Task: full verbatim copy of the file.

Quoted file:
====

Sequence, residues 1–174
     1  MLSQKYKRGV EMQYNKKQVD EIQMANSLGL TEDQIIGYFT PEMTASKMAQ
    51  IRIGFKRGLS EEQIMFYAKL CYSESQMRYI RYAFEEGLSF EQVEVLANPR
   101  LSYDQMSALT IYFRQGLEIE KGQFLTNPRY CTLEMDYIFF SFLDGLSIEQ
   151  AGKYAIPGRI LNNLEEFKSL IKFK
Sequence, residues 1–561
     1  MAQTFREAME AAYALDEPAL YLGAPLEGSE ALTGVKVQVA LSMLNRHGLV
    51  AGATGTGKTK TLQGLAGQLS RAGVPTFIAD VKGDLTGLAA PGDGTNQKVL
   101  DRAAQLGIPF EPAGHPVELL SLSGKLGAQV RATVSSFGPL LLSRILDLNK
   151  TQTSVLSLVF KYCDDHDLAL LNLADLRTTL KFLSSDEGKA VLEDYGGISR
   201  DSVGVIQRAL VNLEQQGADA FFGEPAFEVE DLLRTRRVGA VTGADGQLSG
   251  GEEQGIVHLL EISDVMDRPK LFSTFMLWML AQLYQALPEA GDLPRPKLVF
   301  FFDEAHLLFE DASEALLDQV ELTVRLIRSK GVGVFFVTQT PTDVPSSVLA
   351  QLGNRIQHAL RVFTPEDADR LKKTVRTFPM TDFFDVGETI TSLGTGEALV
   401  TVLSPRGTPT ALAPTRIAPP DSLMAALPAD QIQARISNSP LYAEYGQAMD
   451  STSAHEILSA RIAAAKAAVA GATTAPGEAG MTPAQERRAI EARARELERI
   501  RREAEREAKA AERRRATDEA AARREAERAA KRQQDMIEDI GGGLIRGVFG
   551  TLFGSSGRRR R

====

Sequence, residues 1–174
     1  MLSQKYKRGV EMQYNKKQVD EIQMANSLGL TEDQIIGYFT PEMTASKMAQ
    51  IRIGFKRGLS EEQIMFYAKL CYSESQMRYI RYAFEEGLSF EQVEVLANPR
   101  LSYDQMSALT IYFRQGLEIE KGQFLTNPRY CTLEMDYIFF SFLDGLSIEQ
   151  AGKYAIPGRI LNNLEEFKSL IKFK
Sequence, residues 1–561
     1  MAQTFREAME AAYALDEPAL YLGAPLEGSE ALTGVKVQVA LSMLNRHGLV
    51  AGATGTGKTK TLQGLAGQLS RAGVPTFIAD VKGDLTGLAA PGDGTNQKVL
   101  DRAAQLGIPF EPAGHPVELL SLSGKLGAQV RATVSSFGPL LLSRILDLNK
   151  TQTSVLSLVF KYCDDHDLAL LNLADLRTTL KFLSSDEGKA VLEDYGGISR
   201  DSVGVIQRAL VNLEQQGADA FFGEPAFEVE DLLRTRRVGA VTGADGQLSG
   251  GEEQGIVHLL EISDVMDRPK LFSTFMLWML AQLYQALPEA GDLPRPKLVF
   301  FFDEAHLLFE DASEALLDQV ELTVRLIRSK GVGVFFVTQT PTDVPSSVLA
   351  QLGNRIQHAL RVFTPEDADR LKKTVRTFPM TDFFDVGETI TSLGTGEALV
   401  TVLSPRGTPT ALAPTRIAPP DSLMAALPAD QIQARISNSP LYAEYGQAMD
   451  STSAHEILSA RIAAAKAAVA GATTAPGEAG MTPAQERRAI EARARELERI
   501  RREAEREAKA AERRRATDEA AARREAERAA KRQQDMIEDI GGGLIRGVFG
   551  TLFGSSGRRR R